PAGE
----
U.S. stocks rose on March 14, as market sentiment was bolstered by news that jobless claims had an unexpected plunge.
U.S. stocks had a strong day, as the Dow Jones Industrial Average and the benchmark S&P 500 enjoyed robust gains. The blue-chip S&P increased 0.6 percent to 1,563.23 at 4 p.m. in New York, and the Dow also increased 0.6 percent to finish the day at 14,539.14, according to Bloomberg. The group of 30 industrial stocks enjoyed its 10th consecutive day of gains, and rose to a new record level.
Data compiled by the media outlet indicated that investors traded 6 billion shares on U.S. exchanges during the day, which was 4.6 percent less than the three-month average.
S&P nears record
Reuters reports that the S&P 500 Index, a key indicator of the stock market, flirted with its record high value of 1,565.15 that it reached in 2007. The group of blue-chip stocks has surged 9.6 percent so far in 2013 and is within just a few points of its all-time high, after spiking 13.4 percent in 2012.
"Hitting a new high is going to send a signal to all of the fence-sitters that maybe it's time to take a fresh look at equities," Alan Gayle, senior strategist at Richmond, Virginia-based RidgeWorth Capital Management, told Bloomberg via phone. "The U.S. economy is reasserting itself in a leadership role in terms of overall economic momentum."
Earlier in the month, the Dow broke past its old record value set in 2007, and set a new record value of 14,539.29 on March 14, according to Reuters.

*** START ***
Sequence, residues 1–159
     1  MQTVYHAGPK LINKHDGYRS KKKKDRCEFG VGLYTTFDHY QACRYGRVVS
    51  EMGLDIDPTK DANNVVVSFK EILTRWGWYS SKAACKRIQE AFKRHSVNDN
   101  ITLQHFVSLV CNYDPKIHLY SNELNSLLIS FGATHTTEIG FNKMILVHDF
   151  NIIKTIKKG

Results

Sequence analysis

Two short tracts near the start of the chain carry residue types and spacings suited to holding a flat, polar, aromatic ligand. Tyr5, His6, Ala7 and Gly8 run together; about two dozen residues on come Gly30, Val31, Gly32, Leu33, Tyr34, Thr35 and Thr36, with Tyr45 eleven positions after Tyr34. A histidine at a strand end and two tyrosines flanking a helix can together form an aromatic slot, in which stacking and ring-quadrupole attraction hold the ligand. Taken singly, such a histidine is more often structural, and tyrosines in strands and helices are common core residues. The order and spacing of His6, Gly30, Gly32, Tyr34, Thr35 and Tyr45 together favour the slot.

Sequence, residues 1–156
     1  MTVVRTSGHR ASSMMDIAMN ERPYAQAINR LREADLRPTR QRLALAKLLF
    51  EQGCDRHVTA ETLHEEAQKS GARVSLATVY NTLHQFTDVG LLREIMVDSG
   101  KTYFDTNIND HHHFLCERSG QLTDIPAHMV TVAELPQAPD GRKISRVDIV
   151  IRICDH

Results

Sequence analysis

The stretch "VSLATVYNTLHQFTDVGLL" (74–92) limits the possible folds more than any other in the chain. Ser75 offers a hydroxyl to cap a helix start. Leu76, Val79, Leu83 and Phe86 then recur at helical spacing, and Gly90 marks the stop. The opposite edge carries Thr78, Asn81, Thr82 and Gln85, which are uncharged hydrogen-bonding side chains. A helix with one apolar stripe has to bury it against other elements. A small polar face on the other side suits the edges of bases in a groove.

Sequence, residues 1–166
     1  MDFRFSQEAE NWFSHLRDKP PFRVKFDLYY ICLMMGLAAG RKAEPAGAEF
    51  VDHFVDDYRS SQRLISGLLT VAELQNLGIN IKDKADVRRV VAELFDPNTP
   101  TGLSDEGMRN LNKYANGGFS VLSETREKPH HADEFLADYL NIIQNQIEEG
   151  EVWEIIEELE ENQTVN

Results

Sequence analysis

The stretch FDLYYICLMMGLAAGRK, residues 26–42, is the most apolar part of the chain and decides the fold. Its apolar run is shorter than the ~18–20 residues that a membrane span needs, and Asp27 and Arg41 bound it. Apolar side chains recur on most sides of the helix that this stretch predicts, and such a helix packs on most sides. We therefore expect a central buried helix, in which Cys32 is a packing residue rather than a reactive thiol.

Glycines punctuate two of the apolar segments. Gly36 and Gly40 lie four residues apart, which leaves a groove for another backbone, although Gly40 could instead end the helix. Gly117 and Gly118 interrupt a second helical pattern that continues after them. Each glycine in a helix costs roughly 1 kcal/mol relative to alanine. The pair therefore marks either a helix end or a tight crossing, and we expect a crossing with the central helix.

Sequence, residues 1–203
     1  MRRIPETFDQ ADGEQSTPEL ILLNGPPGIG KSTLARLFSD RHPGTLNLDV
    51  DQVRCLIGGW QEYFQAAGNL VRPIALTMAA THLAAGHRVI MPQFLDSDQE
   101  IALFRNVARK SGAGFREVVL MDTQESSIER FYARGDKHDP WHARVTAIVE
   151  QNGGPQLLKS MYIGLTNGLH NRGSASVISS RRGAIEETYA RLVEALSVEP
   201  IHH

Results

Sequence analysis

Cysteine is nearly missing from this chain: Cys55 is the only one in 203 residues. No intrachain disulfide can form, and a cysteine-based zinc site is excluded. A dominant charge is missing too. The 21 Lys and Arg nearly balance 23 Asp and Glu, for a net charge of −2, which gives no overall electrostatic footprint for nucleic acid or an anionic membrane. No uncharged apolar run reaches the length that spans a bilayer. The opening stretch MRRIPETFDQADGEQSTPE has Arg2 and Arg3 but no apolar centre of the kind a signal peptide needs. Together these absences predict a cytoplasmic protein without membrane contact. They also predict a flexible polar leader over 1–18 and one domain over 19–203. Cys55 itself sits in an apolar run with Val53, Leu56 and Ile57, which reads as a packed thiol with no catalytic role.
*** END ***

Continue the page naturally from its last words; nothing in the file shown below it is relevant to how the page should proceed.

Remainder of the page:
Falling jobless claims
One economic indicator that could easily contribute to this perception of economic strength is the recent Labor Department report, which indicated that the number of people filing initial applications for unemployment benefits declined by 10,000 to 332,000 during the week ending March 9, Bloomberg reports.
This figure represented a contrast to the median forecast of an increase to 350,000 supplied by economists participating in a survey conducted by the media outlet.
Gayle noted the positive implications of the figure for unemployment applications, stating that "the decline in jobless claims suggests that the job market is continuing to improve."
2013 bull market
Reuters reports that this year, stocks have built on the gains they made in 2012 and have yet to make a significant consolidation. One major factor contributing to this improvement is the monetary easing of the Federal Reserve, which has resulted in the central bank buying trillions of dollars worth of securities and therefore bolstering the money supply. Another factor is the general signs that the broader economy is accelerating in its growth.
"It's simply a natural progression for prices to move to new highs in order for the market to advance. I don't think it's scaring investors," Tim Ghriskey, chief investment officer at Bedford Hills, New York-based Solaris Group, told the news source. "Fund flows really have reversed direction, and money started moving out of money markets and some from fixed income to equities."
He noted the importance of this shift in investor preference, stating that "this kind of trend doesn't change easily so we can expect a lot more to come in."
'Fuel on the fire'
Jeffrey Davis, chief investment officer at Boston-based Lee Munder Capital Group, which has $5 billion under management, noted the combination of bullish indicators when speaking with Bloomberg in a phone interview, saying that "it's a little bit more fuel on the fire."
He expressed his expectation of further gains, saying that "in spite of the fact the market's not as cheap as it once was, it's looking like the rally should continue."
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